News Column

Monty Python Flies Again

November 21, 2013

Maev Kennedy, The Guardian

And now for something exactly the same. Give or take a forty year gap, clicky knees and hips, the unavoidable absence of one member of the troupe, and the terror that at this stage the audience remembers their lines better than they do, Monty Python's Circus is to fly again in the vast space of the London 02 Arena. "There will be a little comedy, some pathos, music, and a tiny bit of ancient sex," Eric Idle, who will direct, promised.

The surviving Pythons now have a collective age of 357, and the working title for the show is "One down, five to go". Medical attendants will be in the wings, they explained, and the alternate title is "Two down, four to go".

When news of the reunion, probably the most devoutly yearned for in the history of showbusiness, leaked earlier this week, the comedian Bill Bailey called them "the ultimate comic supergroup, the Led Zeppelin of comedy". Just like Led Zep, they are re-forming at the O2 for one night only (1 July 2014). Probably.

"We would like to tour Europe," Terry Jones said, adding, to mutters of horror from the others, "a camping holiday".

"World tours are easy," insisted Michael Palin, who has found a new career as a globetrotting television presenter, and was repeatedly shouted down by the others as he tried to plug the next volume of his diaries.

Graham Chapman, amiable dimwit on screen, sharp writing brain in reality, "selfishly" died in 1989, but they promised he will be part of the show. "We actually have told him we're going to be on," Idle said, "and if there is a God, he'll show up."

They last performed together on stage in London at Drury Lane 40 years ago, and in the Hollywood Bowl 33 years ago. This time there will be no silly walks, because John Cleese said his artificial hip and knee aren't up to it, but there will be singers and dancers choreographed by Arlene Phillips, parrot jokes - "what was it now . . . Norwegian?" Palin said, gazing upwards for inspiration - and lots of Gilliam animations. If Idle has his way, Gilliam will also appear as the naked organist, which he admitted was a truly terrifying prospect.

There will be lots of old material and "some" new material. "The most awful moment at any rock concert is when the band says 'and now we're going to play you a few tracks from the new album'," Idle said. "That's when you go to the bathroom."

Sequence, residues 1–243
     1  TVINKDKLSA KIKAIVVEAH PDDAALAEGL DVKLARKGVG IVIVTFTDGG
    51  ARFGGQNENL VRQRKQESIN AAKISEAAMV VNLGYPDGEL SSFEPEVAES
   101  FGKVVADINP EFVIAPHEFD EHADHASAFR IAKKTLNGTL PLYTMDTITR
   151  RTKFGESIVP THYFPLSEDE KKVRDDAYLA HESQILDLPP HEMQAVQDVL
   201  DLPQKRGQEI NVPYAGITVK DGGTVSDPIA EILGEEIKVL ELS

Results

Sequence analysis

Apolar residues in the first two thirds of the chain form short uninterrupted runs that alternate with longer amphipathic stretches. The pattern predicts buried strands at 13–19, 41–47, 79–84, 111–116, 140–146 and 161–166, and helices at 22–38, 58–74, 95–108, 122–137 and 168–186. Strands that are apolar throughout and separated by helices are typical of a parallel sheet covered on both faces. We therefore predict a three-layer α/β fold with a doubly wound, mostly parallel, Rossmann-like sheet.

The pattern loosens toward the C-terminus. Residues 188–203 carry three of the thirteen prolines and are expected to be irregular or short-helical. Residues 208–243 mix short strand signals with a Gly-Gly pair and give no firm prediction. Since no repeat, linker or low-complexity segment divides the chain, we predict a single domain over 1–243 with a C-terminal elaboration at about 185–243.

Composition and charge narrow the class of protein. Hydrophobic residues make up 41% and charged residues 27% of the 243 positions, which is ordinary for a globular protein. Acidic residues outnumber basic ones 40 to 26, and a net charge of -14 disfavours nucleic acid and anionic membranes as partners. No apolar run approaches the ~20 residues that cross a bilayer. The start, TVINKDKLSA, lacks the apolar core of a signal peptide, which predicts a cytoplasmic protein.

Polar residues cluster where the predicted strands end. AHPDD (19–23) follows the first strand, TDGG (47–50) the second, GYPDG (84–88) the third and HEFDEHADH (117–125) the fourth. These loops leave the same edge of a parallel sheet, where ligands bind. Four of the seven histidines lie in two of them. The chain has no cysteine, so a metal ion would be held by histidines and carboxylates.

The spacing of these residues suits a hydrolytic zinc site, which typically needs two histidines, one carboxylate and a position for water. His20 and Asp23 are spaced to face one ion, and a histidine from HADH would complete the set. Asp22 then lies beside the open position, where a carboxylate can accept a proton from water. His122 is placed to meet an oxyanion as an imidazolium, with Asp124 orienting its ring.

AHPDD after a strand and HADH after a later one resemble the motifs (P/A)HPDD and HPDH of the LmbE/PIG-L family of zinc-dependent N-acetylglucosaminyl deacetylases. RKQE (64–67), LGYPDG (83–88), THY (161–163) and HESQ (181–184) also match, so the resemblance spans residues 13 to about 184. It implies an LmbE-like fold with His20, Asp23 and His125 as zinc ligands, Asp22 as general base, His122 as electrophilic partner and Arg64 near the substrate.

Ticket sales, at between pounds 27 and pounds 90 ("pounds 300 less than the Rolling Stones", they pointed out) are not expected to be a problem. The press conference had crews from all over the world stacked up like supermarket shelves. Questions came from British, US, Australian, German, French, Japanese, and the native countries of the poorly parrot and the underwear loving lumberjacks, Norwegian and Canadian media.

The first question came from a Spanish radio reporter. "Nobody expects the Spanish inquisition," Palin murmured rapturously.

The press conference was held in the Playhouse, the London theatre which is packing in Idle's show Spamalot, billed as "lovingly ripped off" from Monty Python and the Holy Grail. The show has taken many millions at the box office. Although the others insisted that the main purpose of the reunion was to pay off Jones's mortgage, the lure of new money for old gags must have been strong. Gilliam has made a string of phenomenally expensive movies, Cleese has had a string of phenomenally expensive divorces. "And we get the heating allowance," Jones pointed out.

Cleese said: "We may not like one another but put us together in a room and we laugh a lot."

Afterwards Gilliam predicted happily that they were bound to fall out again soon, and the show would be the better for it. "Don't worry, it will go bad at some point, I hope so because when it went bad when we were doing the shows it produced interesting moments."

Idle reported that due to their advancing age, he is trying to rope in a bit of younger glamour. "John can't do silly walks because he has a hip replacement, I decided I couldn't do the Travel Agent because you have to talk for 15 minutes and it's really exhausting and so I thought well I'd like to do some of the songs we've never done. I'd like to do Galaxy Song with Professor Brian Cox coming in. I was with him last night, talked him into it." The song contains the lines: "Pray that there's intelligent life somewhere up in space, cause there's bugger all down here on Earth."

The launch was artfully controlled anarchy. The five walked on stage 20 minutes late, all talking simultaneously until called to order by the MC, Warwick Davis. They then sat in the wrong places, insisted on answering one another's questions, and groaned when Davis opened a gold envelope to announce that, thanks to calling in Sepp Blatter to help process all the bids to host the show, it would be in Qatar. He opened a second envelope and announced that the winner was Meryl Streep, before conceding that since London had put in "the second highest bribe - er, bid", it would after all get the honour.

Sometimes they bickered like elderly married couples. The others groaned when Cleese got a bit worthy, and jeered at him when he recalled the dead silence during a sketch on one of their last stage appearances, when he peered out through the curtains to see the audience mouthing all the lines. How could he gave done that, Jones demanded.

"You go off the stage at the end of a sketch," Cleese said, "you probably don't remember that."

(c) 2013 Guardian Newspapers Limited.


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Source: (c) 2013 Guardian Newspapers Limited.


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